Riverbank filtration (RBF) is a surface water filtration method for drinking water through the banks and bed of a river, using extraction wells located near the water body in order to ensure direct aquifer recharge. As the surface water travels through the sediments, contaminants, such as suspended and colloidal solids and pathogenic microorganisms, are removed. Apart from water quality improvement, RBF has the advantage of reducing peak concentrations which commonly pass through a river. RBF has been widely used in Europe, USA and, nowadays, in some Asian countries (e.g., South Korea, India, China). Latin-American and specifically Colombian river basins, have been suffering a continuous deterioration, leading to high suspended sediment loads being transported by the rivers. The RBF technology has not been proven yet in highly turbid waters, in which the excessive transport of suspended sediments threatens sustainable operation. Clogging of both the riverbed and deeper aquifer may increase flow resistance, reducing water revenues over the course of time. To assess the feasibility of RBF for highly turbid river waters in Colombia, a combination of field and laboratory research was conducted – both in the Netherlands and Colombia. In Colombia, the studies were done at the Cinara institute's Research and Technology Transfer (R&TT) Station for drinking water and at the Fluid Mechanics lab. The station is located at the Northeast of Cali, Colombia, and was built at the premises of the main water treatment plant of Cali, Puerto Mallarino. In the Netherlands, the laboratory work was done at the Delft University of Technology, running infiltration column experiments at the Sanitary Engineering lab and the flume experiments at the Fluid Mechanics lab...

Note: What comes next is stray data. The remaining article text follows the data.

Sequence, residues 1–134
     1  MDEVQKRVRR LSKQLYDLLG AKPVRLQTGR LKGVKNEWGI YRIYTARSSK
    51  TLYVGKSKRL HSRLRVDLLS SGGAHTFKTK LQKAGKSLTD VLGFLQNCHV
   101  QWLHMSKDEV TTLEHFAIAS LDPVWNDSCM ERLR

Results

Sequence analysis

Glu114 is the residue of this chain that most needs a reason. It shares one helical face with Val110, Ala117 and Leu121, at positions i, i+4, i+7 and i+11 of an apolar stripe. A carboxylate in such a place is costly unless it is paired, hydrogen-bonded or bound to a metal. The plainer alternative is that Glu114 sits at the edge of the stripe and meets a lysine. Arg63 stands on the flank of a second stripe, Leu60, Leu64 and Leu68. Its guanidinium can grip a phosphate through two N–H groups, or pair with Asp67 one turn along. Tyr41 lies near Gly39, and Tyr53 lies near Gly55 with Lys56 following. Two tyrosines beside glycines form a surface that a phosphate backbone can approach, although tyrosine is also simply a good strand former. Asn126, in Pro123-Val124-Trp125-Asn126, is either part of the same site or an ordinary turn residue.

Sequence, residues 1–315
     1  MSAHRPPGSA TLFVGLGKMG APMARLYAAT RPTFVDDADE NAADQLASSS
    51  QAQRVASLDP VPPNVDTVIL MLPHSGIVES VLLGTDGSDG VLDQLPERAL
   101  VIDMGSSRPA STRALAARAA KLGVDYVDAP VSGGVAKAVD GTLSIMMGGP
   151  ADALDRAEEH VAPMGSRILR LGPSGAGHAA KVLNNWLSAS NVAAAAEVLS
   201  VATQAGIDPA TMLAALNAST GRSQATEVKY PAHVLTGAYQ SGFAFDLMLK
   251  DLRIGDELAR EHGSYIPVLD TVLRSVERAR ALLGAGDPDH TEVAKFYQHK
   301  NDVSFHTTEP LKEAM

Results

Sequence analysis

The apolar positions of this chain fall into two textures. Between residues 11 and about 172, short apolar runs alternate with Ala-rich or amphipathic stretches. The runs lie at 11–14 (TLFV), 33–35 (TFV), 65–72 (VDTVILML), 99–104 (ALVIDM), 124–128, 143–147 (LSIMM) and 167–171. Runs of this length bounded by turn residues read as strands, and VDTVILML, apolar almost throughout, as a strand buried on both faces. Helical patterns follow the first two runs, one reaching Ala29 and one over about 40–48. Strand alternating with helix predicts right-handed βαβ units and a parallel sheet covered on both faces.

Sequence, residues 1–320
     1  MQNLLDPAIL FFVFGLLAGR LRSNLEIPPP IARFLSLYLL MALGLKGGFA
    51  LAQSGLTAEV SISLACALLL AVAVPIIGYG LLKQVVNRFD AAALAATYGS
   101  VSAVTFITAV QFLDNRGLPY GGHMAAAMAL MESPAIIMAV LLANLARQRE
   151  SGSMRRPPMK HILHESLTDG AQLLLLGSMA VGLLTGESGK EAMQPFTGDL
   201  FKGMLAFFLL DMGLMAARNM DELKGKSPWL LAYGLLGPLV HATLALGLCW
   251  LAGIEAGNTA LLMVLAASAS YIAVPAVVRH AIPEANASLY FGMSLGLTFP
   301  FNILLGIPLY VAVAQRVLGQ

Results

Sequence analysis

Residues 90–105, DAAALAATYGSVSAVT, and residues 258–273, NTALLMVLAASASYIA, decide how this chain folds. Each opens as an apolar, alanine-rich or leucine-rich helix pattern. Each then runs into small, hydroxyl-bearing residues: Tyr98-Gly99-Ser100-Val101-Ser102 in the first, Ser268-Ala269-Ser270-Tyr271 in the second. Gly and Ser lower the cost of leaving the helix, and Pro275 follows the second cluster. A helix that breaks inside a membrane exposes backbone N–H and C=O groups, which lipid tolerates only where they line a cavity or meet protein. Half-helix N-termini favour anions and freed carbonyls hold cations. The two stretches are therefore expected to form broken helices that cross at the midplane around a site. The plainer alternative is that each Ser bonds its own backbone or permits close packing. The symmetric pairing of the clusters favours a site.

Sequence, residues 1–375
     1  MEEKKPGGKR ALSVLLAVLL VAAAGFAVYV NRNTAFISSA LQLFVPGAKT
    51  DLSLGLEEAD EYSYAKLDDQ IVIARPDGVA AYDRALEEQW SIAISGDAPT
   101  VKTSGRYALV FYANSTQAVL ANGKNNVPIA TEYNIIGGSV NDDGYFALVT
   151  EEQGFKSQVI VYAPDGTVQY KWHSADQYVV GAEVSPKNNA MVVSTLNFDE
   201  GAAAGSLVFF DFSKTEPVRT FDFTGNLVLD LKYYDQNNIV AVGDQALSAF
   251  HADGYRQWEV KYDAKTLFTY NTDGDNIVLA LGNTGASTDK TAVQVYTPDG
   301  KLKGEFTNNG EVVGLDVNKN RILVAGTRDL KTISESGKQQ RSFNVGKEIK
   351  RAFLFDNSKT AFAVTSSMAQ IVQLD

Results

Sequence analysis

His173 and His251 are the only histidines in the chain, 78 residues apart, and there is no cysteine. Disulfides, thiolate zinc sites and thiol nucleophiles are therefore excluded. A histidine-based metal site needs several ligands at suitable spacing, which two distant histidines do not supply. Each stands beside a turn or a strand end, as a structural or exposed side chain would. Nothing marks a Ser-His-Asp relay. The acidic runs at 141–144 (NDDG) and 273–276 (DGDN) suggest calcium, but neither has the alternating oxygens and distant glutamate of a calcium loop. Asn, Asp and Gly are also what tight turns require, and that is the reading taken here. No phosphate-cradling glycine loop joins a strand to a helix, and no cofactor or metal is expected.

|Award date||28 Nov 2018|
|Publication status||Published - 2018|